The 2011-12 edition of the Los Angeles Clippers (11-5) contains headline hoarders such as Chris Paul, Blake Griffin, and DeAndre Jordan, inspiration for the “Lob City” moniker and a seemingly endless reel of ESPN highlights. But a lesser known name may be the key to a rare postseason run for L.A.’s other team.
Reggie Evans, the notorious rebounding deviant and nine-year veteran from Iowa, may have suffered reduced minutes in last week’s contests, but when the postseason lights shine at the Staples Center — unlike the darkened hue sure to grace the Lakers’ dramatized battles — fans should expect the power forward who twice led the NBA in rebounding efficiency to provide a substantial role.
First, the numbers. Evans plays roughly 15 minutes per game, but, on average, swallows over five boards in the limited time span. And statistics show that when Evans rebounds at a high rate, the Clippers win. In victories, Evans secures nearly three offensive rebounds per contest, but in defeat he grabs merely 1.5. Overall, Evans has 13 more boards in team wins than in losses. A blatant correlation exists between Evans’ rebounding proficiency and a Clip victory celebration.
Evans also embraces his role as well as any player in the NBA. He has attempted 11 shots for the entire season, and only looks for his own scoring when an open layup or obvious foul presents itself. At times, Evans stands out of bounds to create more space for his heralded teammates, and rarely even looks at the basket. His singular focus is rebounding. Of course, on the dual edge of the coin, when Coach Vinny Del Negro needs offense, Evans can be a liability. With hands like bricks and a free throw percentage under 50 percent, most point guards find out the hard way that Evans is not a viable option on the fast break. The Clippers are essentially playing four-on-five with Evans in the lineup.
But he knows that, and his teammates undoubtedly appreciate the fact that he doesn’t steal their shots. Instead, Evans sets bone crushing screens, secures rebounds, protects leads, plays physical defense, and never utters a word that isn’t an encouraging scream. Evans and his lack of ego are a perfectly underrated fit on a team with superstar talent like L.A. Del Negro doesn’t need another scorer — he needs a role player who is unselfish and willing to get out of the way for the team’s top trio to work.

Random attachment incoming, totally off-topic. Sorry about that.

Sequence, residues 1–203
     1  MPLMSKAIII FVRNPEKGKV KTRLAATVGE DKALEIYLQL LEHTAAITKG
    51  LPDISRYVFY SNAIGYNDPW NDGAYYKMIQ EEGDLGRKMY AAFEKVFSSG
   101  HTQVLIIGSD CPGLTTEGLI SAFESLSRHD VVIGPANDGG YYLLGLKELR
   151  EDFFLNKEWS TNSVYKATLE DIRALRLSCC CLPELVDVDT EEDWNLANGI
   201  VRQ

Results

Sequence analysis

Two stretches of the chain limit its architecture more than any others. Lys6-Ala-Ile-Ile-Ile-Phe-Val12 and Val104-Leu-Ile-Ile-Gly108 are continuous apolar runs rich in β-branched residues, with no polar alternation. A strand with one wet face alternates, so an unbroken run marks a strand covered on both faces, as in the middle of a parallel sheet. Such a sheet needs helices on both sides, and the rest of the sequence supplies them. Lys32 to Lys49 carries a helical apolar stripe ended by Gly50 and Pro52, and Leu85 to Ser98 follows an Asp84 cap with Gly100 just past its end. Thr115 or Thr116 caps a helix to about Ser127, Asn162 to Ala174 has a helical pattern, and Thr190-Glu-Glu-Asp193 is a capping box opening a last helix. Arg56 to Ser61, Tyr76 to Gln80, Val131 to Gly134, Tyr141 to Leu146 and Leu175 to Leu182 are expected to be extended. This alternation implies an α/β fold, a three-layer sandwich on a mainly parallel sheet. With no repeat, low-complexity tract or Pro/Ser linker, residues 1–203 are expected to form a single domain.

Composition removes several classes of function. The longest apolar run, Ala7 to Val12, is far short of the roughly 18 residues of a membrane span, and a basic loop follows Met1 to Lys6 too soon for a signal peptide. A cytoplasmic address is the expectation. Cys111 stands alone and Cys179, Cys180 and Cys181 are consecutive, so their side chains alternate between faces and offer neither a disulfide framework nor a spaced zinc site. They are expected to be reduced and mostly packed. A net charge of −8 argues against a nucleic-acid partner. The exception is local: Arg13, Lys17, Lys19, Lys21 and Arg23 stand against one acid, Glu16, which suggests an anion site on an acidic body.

Finally, the 6 ft. 8 Evans provides an essential backup for the high-flying Jordan. Although he is vastly undersized, the 2011 free agent pick-up is the only person preventing lazy sharpshooter Brian Cook from contributing as L.A.’s relief center. Evans compensates for his lack of stature with a gritty determination and unrivaled tenacity that borders on dirty play (see: Chris Kaman’s nuts). He secured seven rebounds on January 25th versus the Lakers over a much taller Andrew Bynum, and consistently outworks more chiseled foes to corral a wayward roundball. Evans has playoff experience with the 76ers and Supersonics, and lacks fear in matching up with the vaunted brutes of the NBA postseason.
Jordan may be one of the most athletic centers in NBA history, but he is a finesse player and needs a physical counterpart. Evans fulfills that role, unlike the aforementioned Cook or five-year “meh” vet Solomon Jones from notorious basketball powerhouse South Florida. NBA fans will hear the “Reggie!” chants fill a playoff arena for the first time since 2007.